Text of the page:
Shrimp would really enjoy a set up like you're trying to go for there; if I can be of any shrimp-help please let me know (I don't wanna re-direct you or post pages on end if your not interested lol).

~ Life Is Too Short, Break The Rules, Forgive Quickly, Kiss Slowly, Love Truly, Laugh Uncontrollably And Never Regret Anything that Made You Smile.
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post #4 of 8 Old 02-26-2010, 03:59 PM Thread Starter
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Well I'm thinking of maybe a couple ottos, but I think shrimp are interesting... I've never even tried a super heavy planted tank.

One of my main reasons for not wanting a filter is that 1, I don't have one :) and 2, I want the baby shrimps to be okay.

would a couple ramshorn snails be okay, or do you think they would eat the plants?

and would MTS end up mixing the soil and sand together, creating a mess?
would the soil even get mixed up into the water column? I'm thinking that with little water movement, it might not be a problem if the soil didn't diffuse and turn all the water brown.


Oh, and angel, if you have any info on shrimp breeding, that would be great. I'm under the general impression that they are kind of like some other easy fish in that no real breeding setup is required- just provide good conditions and let nature do what it does best.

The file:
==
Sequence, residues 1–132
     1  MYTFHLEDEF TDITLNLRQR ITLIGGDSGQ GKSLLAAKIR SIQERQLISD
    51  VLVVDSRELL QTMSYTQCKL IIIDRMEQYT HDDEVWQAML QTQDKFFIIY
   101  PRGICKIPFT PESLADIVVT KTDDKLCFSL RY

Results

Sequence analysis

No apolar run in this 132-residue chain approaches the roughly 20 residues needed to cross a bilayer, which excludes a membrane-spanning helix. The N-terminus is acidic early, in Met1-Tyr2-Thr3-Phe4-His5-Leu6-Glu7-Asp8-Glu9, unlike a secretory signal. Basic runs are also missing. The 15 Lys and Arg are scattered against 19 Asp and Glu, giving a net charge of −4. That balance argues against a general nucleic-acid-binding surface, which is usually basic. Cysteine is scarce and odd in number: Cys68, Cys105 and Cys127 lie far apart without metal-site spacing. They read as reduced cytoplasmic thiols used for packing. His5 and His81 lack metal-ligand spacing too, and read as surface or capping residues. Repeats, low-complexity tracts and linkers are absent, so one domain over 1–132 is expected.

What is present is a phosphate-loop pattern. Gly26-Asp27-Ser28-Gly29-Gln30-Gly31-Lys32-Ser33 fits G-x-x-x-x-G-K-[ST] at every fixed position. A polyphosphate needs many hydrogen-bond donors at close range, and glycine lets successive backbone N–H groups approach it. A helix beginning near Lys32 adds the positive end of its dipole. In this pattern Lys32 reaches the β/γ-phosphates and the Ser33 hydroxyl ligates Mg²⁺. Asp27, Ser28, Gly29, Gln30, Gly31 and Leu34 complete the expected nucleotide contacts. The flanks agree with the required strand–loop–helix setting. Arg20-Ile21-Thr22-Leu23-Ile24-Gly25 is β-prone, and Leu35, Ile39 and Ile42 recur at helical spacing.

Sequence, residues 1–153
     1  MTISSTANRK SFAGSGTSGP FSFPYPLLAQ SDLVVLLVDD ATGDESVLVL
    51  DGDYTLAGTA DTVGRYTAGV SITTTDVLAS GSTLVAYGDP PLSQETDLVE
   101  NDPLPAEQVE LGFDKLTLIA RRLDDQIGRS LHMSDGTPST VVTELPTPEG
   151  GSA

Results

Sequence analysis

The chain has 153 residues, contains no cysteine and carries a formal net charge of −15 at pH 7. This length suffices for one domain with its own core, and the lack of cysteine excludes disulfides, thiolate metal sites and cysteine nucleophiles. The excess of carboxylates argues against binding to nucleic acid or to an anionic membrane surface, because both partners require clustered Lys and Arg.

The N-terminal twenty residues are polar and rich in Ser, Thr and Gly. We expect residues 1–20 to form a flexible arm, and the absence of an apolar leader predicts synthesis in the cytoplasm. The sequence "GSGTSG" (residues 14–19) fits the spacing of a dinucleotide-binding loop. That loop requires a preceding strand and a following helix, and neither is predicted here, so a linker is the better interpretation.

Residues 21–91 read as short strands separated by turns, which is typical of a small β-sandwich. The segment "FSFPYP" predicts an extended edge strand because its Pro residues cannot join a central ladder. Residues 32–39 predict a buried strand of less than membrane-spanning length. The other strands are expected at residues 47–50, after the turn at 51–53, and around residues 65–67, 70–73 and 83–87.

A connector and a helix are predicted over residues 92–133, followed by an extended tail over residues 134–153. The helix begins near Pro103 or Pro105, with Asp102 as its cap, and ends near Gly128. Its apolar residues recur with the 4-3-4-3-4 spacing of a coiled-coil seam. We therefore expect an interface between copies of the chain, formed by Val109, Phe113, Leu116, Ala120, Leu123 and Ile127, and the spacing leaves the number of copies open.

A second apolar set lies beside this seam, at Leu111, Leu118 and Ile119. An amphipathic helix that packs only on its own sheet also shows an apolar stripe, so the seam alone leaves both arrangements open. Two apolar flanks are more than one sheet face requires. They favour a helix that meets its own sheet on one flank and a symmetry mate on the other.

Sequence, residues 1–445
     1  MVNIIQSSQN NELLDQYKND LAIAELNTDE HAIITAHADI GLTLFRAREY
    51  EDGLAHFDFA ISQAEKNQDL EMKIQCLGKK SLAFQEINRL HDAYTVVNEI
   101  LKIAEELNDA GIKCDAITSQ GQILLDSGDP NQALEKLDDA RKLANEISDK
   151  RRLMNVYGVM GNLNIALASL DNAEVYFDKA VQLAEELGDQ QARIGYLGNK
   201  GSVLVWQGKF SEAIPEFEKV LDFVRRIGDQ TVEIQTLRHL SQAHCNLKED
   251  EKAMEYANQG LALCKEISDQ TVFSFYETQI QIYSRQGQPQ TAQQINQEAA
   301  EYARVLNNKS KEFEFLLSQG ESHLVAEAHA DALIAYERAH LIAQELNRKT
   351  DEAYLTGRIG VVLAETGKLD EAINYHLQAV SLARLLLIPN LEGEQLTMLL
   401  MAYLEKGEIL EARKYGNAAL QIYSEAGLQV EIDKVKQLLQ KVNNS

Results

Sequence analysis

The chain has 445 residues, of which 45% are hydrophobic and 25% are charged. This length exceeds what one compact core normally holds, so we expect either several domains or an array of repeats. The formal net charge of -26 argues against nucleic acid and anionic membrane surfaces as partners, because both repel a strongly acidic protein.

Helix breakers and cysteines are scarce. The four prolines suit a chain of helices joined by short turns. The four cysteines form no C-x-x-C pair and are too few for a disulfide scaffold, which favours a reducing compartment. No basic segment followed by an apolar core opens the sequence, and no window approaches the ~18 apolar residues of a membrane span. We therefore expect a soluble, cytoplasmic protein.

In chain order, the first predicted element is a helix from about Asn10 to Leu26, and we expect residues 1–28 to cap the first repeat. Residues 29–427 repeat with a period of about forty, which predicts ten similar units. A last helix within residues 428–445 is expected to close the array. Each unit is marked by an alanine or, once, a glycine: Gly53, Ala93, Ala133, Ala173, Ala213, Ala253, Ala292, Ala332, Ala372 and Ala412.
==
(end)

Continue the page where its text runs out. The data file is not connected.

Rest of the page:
I found out that your favourite aquatic plant web site will give me some ramshorns or MTS free with an order... but don't tell anyone... at least until I have mine. :)

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^^ genius
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post #5 of 8 Old 02-26-2010, 05:25 PM Thread Starter
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Cabomba Caroliniana (Cabomba, Green)
Echinodorus Bleheri (Amazon Sword)
Hornwort (Ceratophyllum Demersum)
Sagittaria Subulata (Dwarf)
Shinnersia Rivularis
Vallisneria Asiatica Var. Biwaensis (Corkscrew Val)
Water Wisteria (Hygrophila Difformis)

Would these do well in the setup I'm describing? (I hope so since I just ordered it! lol)
I'd really like anacharis, but it's banned in my state :(

Quote: